Automated Diagnostics: Advances in the Diagnosis of Intestinal Parasitic Infections in Humans and Animals

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The increasingly close proximity between people and animals is of great concern for public health, given the risk of exposure to infectious diseases transmitted through animals, which are carriers of more than 60 zoonotic agents. These diseases, which are included in the list of Neglected Tropical Diseases, cause losses in countries with tropical and subtropical climates, and in regions with temperate climates. Indeed, they affect more than a billion people around the world, a large proportion of which are infected by one or more parasitic helminths, causing annual losses of billions of dollars. Several studies are being conducted in search for differentiated, more sensitive diagnostics with fewer errors. These studies, which involve the automated examination of intestinal parasites, still face challenges that must be overcome in order to ensure the proper identification of parasites. This includes a protocol that allows for elimination of most of the debris in samples, satisfactory staining of parasite structures, and a robust image database. Our objective here is therefore to offer a critical description of the techniques currently in use for the automated diagnosis of intestinal parasites in fecal samples, as well as advances in these techniques.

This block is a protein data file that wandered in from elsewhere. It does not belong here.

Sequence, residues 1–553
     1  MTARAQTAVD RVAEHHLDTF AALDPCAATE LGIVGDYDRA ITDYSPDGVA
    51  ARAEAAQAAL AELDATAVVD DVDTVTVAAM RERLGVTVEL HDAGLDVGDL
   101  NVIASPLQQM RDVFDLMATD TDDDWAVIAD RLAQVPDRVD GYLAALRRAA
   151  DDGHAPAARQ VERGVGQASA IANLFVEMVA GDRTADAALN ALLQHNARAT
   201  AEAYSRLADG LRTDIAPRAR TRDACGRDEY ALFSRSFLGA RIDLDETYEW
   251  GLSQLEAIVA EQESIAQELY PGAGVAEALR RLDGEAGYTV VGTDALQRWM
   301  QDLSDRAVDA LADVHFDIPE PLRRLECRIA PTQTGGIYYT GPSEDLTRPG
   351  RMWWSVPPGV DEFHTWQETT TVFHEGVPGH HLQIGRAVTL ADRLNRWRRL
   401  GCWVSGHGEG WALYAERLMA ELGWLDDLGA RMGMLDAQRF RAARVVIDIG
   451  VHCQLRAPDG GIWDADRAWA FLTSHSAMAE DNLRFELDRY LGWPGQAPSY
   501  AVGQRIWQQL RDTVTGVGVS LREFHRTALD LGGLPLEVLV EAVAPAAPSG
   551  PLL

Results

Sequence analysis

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Frontiers in Veterinary Science, v. 8.

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